Phase 2 of my Lectra project is coming. Phase 2? Read back in my blog in previous Lectra Conversion Diary entries for more details. In Phase 2 I have a full fairing which is meant to make a shell around the entire motorcycle and make it extremely aerodynamic. The idea is to explore vehicle efficiency as a way to increase range.
I've been doing some research .. Cabin scooter and faring design resources from around the Internet .. Go-one Velomobile .. Velomobiles .. 5th generation civic hatchback - improving aerodynamics .. Basjoos Tells All About His "95 MPG" Aerocivic .. and it seems that there can really be a lot of gain from aerodynamics. I came across a couple forum websites where people are discussing ideas on improving aerodynamics of gas cars and other ways to increase gas car efficiency, and they're getting good results. Yeah, they're still 100% addicted to oil but at least they're doing something about the underlying problem and they are getting good results.
Yesterday I did a bit of measurement so I could have a baseline to compare future performance. I found a simple way to ... Measure the drag coefficient of your car ... If you click through to the instructables site you'll find formulas and a spreadsheet. I haven't run the calculations yet, but I've got some numbers. The process is very simple. You take your car or motorcycle or whatever, accelerate up to approx 70 km/hr (45 miles/hr) speed, and then start coasting (in neutral) and measure how long it takes to coast to a stop and speed at various intervals during the coast-down. The formulas in the spreadsheet are able to tell you the actual drag coefficient number. But there is an interesting pattern even without having yet done the number crunching.
I went out with three vehicles (below) and made several runs with each. I have an ipod with a Belkin voice recorder attachment, and during the coast down I called out the speed at 40/35/30/25/20/etc miles/hr intervals. This afternoon I listened to the audio and wrote down the time points for each of the speeds. Making several runs lets me get an average and to account for differing wind conditions (there was little wind) or terrain (it's very flat around here) etc.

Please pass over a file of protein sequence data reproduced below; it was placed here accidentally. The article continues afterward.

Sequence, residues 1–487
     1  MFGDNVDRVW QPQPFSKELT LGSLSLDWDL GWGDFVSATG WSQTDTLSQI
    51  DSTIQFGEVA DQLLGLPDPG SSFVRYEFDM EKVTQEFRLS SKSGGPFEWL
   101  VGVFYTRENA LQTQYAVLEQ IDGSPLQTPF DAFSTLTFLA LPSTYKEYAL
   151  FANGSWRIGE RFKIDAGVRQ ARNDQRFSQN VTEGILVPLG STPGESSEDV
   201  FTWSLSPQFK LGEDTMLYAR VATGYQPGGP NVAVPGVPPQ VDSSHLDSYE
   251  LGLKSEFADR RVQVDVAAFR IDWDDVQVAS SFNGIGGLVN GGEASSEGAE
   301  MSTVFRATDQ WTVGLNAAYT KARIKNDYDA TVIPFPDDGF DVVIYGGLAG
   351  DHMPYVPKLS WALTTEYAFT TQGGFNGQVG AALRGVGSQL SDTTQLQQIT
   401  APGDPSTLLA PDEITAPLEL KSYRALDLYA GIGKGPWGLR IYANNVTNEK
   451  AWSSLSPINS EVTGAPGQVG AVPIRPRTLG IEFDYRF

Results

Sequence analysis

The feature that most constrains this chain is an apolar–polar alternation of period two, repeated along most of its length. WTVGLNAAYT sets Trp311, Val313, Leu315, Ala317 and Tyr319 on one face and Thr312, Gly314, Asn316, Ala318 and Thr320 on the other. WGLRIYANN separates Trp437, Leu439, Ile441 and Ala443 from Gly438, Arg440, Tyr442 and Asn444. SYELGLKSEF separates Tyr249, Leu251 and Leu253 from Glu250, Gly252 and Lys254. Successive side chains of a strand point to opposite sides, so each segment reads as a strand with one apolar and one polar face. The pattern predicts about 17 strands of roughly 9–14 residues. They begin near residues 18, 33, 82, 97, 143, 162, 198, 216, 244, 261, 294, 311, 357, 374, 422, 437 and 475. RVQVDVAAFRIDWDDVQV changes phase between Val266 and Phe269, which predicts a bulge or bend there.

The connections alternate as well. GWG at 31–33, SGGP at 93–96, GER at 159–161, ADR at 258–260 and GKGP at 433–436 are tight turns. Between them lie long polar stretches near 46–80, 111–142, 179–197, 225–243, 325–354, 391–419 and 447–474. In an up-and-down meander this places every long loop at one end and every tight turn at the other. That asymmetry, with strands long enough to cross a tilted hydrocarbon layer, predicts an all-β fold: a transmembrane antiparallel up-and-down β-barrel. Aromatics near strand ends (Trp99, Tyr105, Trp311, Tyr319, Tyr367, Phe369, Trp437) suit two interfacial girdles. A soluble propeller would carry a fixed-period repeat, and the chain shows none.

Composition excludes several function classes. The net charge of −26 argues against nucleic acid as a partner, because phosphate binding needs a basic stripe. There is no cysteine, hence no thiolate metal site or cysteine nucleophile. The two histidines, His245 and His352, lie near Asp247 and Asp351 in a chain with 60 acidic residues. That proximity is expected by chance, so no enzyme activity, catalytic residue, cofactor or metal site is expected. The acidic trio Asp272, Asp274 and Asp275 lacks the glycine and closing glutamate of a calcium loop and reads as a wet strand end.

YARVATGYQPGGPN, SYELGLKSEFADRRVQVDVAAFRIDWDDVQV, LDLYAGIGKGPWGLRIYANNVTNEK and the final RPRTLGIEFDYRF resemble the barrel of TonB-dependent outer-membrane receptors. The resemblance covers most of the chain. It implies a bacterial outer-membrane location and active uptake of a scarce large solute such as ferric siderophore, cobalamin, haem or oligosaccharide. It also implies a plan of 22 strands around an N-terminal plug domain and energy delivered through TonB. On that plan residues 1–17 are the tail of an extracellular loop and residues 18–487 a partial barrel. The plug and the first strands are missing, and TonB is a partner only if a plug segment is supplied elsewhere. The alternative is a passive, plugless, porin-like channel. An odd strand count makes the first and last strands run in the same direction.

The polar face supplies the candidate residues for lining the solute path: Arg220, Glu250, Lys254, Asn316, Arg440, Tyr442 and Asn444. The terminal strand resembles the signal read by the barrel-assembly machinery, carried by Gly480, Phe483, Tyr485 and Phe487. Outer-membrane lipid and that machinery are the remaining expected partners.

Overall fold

1999 Chevy Tracker: 40->10 miles/hr takes approx 60 seconds
2004 Honda Rebel 250: 40->10 miles/hr takes approx 40 seconds
Lectra: 40->10 miles/hr takes approx 25-30 seconds
The idea is that the more quickly the vehicle coasts to a stop, the greater the wind resistance, or put another way the worst the drag coefficient. But this also measures rolling resistance.
I'm a little surprised the Tracker came out the best here. It's shaped a bit like a box, with very little in the way of aerodynamic niceness to it. But on the other hand motorcycles do have these bits hanging out all over the place ..sooo...
The Rebel has a windshield.
The Lectra, since it doesn't have a transmission, that may have introduced some electrical or mechanical drag. With both the Tracker and the Rebel I could put them into neutral (both have manual transmissions) and coast properly, but the Lectra doesn't have a neutral because it doesn't have a transmission.
I think the weight of the Rebel and the Lectra is comparable. The Lectra is a lot shorter than the Rebel, but it has 220 lbs of lead acid batteries on board.
Oh yeah, doing more with less...
That is a phrase Craig Vetter said during his DVD discussing the motorcycle efficiency contest and the fairing I have .. he says he got the phrase from Buckminster Fuller, who he 'followed around' for a couple years. When I heard that phrase come out of Craig's mouth it crystallized for me an idea I've carried for years.
What makes compact fluorescent light bulbs interesting is they emit the same number of lumens by using less electricity. That is doing more with less.
A vehicle that's more aerodynamic can move and use less energy to achieve the same end. I think the Honda Insight, for instance, gets most of its fuel efficiency gain from being small, light, and aerodynamic. The Geo Metro after all got 60 miles per gallon without having a hybrid drive train. Mini-experiment: the wrath of roof racks is a meditation on the negative effect of roof racks on fuel efficiency.